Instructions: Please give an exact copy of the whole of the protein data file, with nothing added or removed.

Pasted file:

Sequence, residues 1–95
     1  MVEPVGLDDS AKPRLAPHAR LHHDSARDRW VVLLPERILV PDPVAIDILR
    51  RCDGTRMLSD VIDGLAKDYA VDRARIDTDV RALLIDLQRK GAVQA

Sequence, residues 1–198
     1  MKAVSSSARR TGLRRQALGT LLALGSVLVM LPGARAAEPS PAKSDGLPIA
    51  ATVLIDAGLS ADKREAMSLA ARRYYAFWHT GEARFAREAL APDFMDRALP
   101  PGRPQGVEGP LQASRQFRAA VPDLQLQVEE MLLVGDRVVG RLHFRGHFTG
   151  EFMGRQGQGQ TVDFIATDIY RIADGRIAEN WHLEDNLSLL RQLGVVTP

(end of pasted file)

Sequence, residues 1–95
     1  MVEPVGLDDS AKPRLAPHAR LHHDSARDRW VVLLPERILV PDPVAIDILR
    51  RCDGTRMLSD VIDGLAKDYA VDRARIDTDV RALLIDLQRK GAVQA

Sequence, residues 1–198
     1  MKAVSSSARR TGLRRQALGT LLALGSVLVM LPGARAAEPS PAKSDGLPIA
    51  ATVLIDAGLS ADKREAMSLA ARRYYAFWHT GEARFAREAL APDFMDRALP
   101  PGRPQGVEGP LQASRQFRAA VPDLQLQVEE MLLVGDRVVG RLHFRGHFTG
   151  EFMGRQGQGQ TVDFIATDIY RIADGRIAEN WHLEDNLSLL RQLGVVTP